3. It's just annoying. A while ago I had a “friend” on Facebook who was hosting some stupid “get all your friends to buy things” party. I can't remember what it was (and for the record, I don't think these sorts of Scentsy/Jamberry/Tupperware/Home-Business-of-the-Month things are all evil. I've bought a few wax warmers in my time), but after a few days of apparently not selling very much of whatever it was she was trying to sell, she posted a rant about how she was always so supportive and helpful to her friends and it was rude that none of them were buying her products. I unfriended her, not because she was addressing me directly, but the attitude was just annoying to me. Your friends don't owe you financial support. I have plenty of dear friends who sell those adhesive nail stickers, but I simply don't wear adhesive nail stickers. Honestly, the only thing I really want to do with my nails is replace them with retractable claws (if you have a product that can do this, leave a comment with your contact information, please). I don't buy their nail stickers. They don't need to buy my books UNLESS they like dragon themed fantasy. Then I will say all day, “Hey! I have dragon themed fantasy! You can buy mine!” Same as if I'm in the market for wax warmers, I'll buy a few Scentsy items from a friend's party. But that's because I want to. Not because I'm obligated.
  4. Depending on friends and family is not a sustainable business model. Unless you are writing a memoir or something locally targeted, friends and family are not your intended audience. Even if you're part of some sort of insanely close knit but extremely large clan, chances are, you are going to need to branch out from “Friends and Family” as your customer base sooner rather than later. So don't market to friends and family. Market to readers of your genre. Market to strangers. Get out of your comfort zone and find your readers, not your friends.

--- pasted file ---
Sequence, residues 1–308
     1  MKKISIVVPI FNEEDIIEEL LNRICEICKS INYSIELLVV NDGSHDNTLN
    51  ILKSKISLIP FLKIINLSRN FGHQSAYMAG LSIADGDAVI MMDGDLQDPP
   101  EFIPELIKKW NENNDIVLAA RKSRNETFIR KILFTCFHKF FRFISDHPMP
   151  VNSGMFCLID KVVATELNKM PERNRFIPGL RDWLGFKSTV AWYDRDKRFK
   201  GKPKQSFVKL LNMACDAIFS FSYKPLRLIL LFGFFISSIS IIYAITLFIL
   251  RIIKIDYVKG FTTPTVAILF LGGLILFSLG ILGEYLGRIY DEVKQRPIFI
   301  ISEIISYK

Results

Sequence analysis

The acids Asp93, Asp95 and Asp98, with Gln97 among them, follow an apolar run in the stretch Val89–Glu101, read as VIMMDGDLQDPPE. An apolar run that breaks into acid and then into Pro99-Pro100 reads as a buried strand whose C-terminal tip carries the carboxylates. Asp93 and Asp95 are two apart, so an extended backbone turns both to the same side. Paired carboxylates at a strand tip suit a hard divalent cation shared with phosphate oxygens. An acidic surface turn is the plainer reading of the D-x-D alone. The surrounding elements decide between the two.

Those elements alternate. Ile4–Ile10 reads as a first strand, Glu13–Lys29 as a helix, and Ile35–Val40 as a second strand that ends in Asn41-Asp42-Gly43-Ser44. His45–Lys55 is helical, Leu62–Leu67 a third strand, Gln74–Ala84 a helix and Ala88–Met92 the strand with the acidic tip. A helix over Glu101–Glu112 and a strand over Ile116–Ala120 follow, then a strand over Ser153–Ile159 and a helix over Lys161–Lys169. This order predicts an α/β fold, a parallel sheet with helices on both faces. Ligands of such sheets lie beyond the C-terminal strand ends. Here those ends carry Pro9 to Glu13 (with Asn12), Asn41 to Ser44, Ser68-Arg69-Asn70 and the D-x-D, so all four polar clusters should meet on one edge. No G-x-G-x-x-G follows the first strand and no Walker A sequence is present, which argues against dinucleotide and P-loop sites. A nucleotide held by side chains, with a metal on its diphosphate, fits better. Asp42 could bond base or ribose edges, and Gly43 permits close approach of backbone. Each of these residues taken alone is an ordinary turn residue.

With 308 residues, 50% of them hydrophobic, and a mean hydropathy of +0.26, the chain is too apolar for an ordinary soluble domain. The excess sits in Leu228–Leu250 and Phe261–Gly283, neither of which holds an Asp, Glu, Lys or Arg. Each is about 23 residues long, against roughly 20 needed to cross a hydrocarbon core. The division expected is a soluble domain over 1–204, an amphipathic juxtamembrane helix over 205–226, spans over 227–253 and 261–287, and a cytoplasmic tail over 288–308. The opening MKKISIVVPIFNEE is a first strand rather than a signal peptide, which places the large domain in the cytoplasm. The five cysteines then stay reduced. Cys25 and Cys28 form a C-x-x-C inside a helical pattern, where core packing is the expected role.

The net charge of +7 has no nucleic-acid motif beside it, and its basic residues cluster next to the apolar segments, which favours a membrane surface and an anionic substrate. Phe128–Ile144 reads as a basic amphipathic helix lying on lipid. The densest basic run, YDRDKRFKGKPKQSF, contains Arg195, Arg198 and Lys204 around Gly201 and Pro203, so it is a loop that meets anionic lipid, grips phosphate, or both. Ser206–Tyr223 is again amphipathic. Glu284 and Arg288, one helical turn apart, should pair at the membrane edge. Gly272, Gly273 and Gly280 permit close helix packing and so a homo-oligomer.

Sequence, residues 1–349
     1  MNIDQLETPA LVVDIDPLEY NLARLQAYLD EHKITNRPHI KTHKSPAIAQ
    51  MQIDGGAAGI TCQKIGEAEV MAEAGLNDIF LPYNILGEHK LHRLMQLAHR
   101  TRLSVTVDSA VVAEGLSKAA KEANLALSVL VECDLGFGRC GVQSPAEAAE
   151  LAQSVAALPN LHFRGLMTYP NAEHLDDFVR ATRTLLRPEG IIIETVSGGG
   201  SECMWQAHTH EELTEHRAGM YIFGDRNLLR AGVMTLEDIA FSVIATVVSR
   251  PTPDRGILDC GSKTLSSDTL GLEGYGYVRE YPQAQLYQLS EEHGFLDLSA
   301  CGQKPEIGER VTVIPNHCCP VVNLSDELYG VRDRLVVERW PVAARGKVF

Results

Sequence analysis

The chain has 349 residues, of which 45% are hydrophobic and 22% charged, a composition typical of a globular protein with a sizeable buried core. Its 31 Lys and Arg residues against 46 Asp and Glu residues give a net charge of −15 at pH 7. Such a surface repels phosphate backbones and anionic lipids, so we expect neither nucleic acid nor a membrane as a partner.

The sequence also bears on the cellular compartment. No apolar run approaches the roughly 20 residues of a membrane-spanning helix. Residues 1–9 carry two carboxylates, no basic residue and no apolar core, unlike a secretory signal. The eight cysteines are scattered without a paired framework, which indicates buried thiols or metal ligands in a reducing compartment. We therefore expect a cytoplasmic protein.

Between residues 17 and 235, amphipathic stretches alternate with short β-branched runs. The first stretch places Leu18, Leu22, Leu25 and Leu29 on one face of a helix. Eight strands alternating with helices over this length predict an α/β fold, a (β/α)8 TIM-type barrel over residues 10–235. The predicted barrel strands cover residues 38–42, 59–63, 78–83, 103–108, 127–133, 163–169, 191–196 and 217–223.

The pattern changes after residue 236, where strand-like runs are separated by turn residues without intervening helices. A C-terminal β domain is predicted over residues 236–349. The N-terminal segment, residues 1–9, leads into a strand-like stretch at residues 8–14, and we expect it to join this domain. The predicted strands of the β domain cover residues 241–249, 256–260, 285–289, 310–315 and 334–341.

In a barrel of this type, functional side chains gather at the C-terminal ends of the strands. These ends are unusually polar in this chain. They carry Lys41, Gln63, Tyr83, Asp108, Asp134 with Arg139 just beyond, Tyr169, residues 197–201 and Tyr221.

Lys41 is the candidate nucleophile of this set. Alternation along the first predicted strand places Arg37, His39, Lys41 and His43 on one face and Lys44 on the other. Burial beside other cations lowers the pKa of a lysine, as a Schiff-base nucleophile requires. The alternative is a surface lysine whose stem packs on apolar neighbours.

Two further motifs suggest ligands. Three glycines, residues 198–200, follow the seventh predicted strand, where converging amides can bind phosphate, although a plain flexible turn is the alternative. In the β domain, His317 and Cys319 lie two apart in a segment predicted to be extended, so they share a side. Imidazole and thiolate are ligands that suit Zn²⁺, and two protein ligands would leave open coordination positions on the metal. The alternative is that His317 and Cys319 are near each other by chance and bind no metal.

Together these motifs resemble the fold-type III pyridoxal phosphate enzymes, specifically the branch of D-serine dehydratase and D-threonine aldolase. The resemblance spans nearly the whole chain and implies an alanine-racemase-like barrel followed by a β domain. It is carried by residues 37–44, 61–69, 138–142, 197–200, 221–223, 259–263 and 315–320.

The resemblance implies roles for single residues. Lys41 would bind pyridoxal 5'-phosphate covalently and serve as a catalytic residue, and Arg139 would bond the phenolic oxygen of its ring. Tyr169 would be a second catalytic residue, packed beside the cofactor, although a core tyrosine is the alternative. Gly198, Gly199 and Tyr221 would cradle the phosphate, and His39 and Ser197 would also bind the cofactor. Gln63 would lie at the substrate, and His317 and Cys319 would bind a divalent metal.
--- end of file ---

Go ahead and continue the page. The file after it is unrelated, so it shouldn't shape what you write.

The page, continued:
5. It enforces a stereotype about self-publishers. I recounted in my “annoying things to say to an indie writer” post how one person messaged me saying, “You have a lot of positive reviews. Large family?” No, actually, I wrote a book a decent amount of people very much enjoyed, gave away a ton of free copies, often targeting bloggers who I knew read and enjoyed my genre/sub-genre, and generally worked my butt off to get those reviews, but thanks for asking. Seriously, do it the right way. The rest of us have to live with the stigma created by people using “cheats” to get ahead. Just don't be that guy.

So if your family does want to help you out but you don't want the stigma of “friends and family” reviews, what can they do?
  1. They can ask for your book to be stocked at their local libraries or book stores. A lot of these places make the decision on what to shelf based on customer requests.
  2. If they are avid readers and you trust them to give honest input, not trying to spare your feelings, having some trusted friends as beta readers can be quite helpful.
  3. They can talk about your books, mention you on social media, and otherwise let people know that you are out there.

There are ways to find legitimate reviews, and if you just write a book people want to talk about, reviews will come in, slowly but surely. 


  1. Good points all, I'm reposting this on my page - :D

  2. Wow - I can't believe someone was rude enough to say something like that! My instinctive reply to them would be, "jealous much?" - wow.

    1. It was an online exchange so the person might've thought they were being funny. It's hard to tell.